Song of the Day #5,029: ‘A Perfect Indian’ – Sinéad O’Connor

It’s time for another installment of my Decades series, wherein I look at acclaimed and popular albums from a specific year across four decades (70s through 00s). I’ve done the 0s, 1s, 2s, and 3s and I’m partway through the 4s. Over the next several weeks, I’ll be diving into the year 1994.

As usual, I will offer up my own top ten albums from that year, then dive into ten albums I don’t know or don’t know well.

#10. Universal Mother – Sinéad O’Connor

I can’t say I listen to this album very often (or at all), but I wanted to acknowledge it here because it’s a lovely and meaningful work by a unique artist.

Four years earlier, Sinéad O’Connor became an international star with the release of I Do Not Want What I Haven’t Got and its smash hit ‘Nothing Compares 2 U.’ The album dabbled briefly in political content, but mostly featured a strikingly beautiful woman singing sad love songs with a gorgeous Irish lilt.

In 1992, that all went to hell, when O’Connor released a disappointing follow-up, Am I Not Your Girl?, consisting of covers of jazz standards, then promoted the album by tearing up a picture of the Pope on Saturday Night Live.

Her actions led to mass outrage, with far too many people focusing on the “disrespect” of a young woman and far too few on the history of sexual abuse by the Catholic Church on which she was commenting. The incident derailed a previously promising career.

It was against that backdrop that Universal Mother arrived in 1994. More an extended prayer session than a pop album, this collection finds O’Connor singing plaintively over a simple piano, crooning lullabies to her young son and opining in spoken-word prose about the Irish famine. Not exactly a bid to reclaim her position on the Billboard charts.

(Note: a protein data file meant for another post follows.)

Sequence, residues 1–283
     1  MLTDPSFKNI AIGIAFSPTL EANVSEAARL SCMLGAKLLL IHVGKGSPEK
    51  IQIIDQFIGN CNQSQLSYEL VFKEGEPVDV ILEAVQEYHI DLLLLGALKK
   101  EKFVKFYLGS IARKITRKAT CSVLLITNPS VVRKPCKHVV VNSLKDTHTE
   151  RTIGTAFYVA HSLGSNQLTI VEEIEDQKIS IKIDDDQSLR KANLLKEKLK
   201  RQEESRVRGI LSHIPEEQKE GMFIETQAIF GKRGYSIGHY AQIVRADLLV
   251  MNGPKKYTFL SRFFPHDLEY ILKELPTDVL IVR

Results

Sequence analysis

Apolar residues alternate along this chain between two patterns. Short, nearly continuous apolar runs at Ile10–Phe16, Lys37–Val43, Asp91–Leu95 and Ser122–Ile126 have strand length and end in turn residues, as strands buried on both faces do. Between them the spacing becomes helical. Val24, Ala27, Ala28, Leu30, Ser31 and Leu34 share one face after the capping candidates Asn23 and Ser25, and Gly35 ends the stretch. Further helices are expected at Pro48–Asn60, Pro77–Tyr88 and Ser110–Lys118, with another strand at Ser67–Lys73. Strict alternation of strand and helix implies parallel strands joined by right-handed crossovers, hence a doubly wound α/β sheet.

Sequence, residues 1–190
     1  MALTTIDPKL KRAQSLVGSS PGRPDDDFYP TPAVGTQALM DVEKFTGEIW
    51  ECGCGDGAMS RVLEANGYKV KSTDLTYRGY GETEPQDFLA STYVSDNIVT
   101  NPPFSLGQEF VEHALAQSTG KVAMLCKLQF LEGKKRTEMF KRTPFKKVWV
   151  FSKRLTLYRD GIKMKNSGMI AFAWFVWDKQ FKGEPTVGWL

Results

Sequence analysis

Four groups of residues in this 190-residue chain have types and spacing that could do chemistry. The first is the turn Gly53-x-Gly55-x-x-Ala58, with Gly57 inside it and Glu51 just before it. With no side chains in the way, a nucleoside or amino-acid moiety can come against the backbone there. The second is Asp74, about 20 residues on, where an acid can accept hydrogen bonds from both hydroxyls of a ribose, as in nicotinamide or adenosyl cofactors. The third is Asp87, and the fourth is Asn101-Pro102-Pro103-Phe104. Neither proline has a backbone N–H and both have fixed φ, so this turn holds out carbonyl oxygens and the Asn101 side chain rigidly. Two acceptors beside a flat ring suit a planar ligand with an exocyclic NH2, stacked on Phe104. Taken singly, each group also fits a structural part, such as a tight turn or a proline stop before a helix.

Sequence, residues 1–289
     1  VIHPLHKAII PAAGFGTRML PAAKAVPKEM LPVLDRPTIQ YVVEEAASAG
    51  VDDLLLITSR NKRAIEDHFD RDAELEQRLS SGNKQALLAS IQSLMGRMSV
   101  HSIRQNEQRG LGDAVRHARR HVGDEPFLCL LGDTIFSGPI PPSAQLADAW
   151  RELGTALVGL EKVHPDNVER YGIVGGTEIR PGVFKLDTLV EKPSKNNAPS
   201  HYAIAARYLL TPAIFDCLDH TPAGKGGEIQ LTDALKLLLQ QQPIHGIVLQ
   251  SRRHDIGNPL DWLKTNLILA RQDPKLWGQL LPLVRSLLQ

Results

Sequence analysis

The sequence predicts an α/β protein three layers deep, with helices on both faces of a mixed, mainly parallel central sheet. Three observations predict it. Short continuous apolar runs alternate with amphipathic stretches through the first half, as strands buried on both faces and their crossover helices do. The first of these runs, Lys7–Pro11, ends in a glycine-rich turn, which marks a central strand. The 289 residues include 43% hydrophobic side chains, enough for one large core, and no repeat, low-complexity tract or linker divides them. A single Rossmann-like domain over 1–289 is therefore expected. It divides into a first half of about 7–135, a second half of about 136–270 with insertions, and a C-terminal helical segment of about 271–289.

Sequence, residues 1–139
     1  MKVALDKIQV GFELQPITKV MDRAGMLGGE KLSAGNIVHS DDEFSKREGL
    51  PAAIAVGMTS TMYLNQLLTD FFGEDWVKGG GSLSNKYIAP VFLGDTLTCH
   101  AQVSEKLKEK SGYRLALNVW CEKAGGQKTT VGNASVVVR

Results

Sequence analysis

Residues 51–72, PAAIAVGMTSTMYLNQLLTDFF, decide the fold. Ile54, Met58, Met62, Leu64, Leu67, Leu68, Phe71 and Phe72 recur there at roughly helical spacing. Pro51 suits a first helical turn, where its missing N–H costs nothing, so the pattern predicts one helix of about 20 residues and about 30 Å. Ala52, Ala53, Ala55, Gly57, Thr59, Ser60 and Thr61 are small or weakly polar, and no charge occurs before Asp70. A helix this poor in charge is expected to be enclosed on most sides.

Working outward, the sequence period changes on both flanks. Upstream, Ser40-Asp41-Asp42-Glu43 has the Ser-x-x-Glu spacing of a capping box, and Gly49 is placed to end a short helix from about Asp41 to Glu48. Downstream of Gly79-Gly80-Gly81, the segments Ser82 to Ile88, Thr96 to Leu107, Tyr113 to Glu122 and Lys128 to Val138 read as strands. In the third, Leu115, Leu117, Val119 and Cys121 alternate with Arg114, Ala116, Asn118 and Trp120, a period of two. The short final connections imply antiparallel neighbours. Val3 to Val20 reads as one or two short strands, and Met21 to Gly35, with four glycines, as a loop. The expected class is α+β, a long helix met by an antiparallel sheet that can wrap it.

But it is a singular work by a sensitive and misunderstood artist, and a showcase for her still-exquisite vocals. While the most memorable tracks here are probably the covers (Nirvana’s ‘All Apologies’ and Phil Coulter’s ‘Scorn Not His Simplicity’), O’Connor’s own songs are also quite lovely.

O’Connor had an even better comeback album ahead with 2000’s Faith and Courage, but this one was a statement that (at least for a little while) she wouldn’t let the man beat her down.

[Verse 1]
A Perfect Indian is he
Remembering him life is sweet
Like a weeping willow
His face on my pillow
Comes to me still in my dreams

[Verse 2]
And there I saw a young baby
A beautiful daughter was she
A face from a painting
Red cheeks and teeth aching
Her eyes like a wild Irish sea

[Verse 3]
On a table in her yellow dress
For a photograph feigned happiness
Why in my life is that the only time
That any of you will smile at me

I’m sailing on this terrible ocean
I’ve come for my self to retrieve
Too long have I been feeling like Lir’s children
And there’s only one way to be free

[Verse 4]
He’s shy and he speaks quietly
He’s gentle and he seems to me
Like the elf-arrow
His face worn and harrowed
Is he a daydreamer like me

I’m sailing on this terrible ocean
I’ve come for my self to retrieve
Too long have I been feeling like Lir’s children
And there’s only one way to be free

3 thoughts on “Song of the Day #5,029: ‘A Perfect Indian’ – Sinéad O’Connor

  1. Dana Gallup says:

    “I Do Not Want….” was in heavy rotation back in the day, but I largely checked out of Sinead’s music and career after that.

    So sad that her son to whom she was singing here recently ended his life. Sinead has certainly not lived an easy life. Perhaps she will cope with this most recent tragedy through music as she has done before.

  2. Peg says:

    So sad. She does have a beautiful voice

  3. Amy says:

    I, too, couldn’t help but think of the grief she is feeling at the loss of her son. It’s an apt title as Sinead often sang from the perspective of a mother. This was my last year before I became a mother, so I’m curious if I will know more or fewer of these albums the time before Laurie Berkner and The Wiggles would wind up jockeying for air time with Counting Crows.

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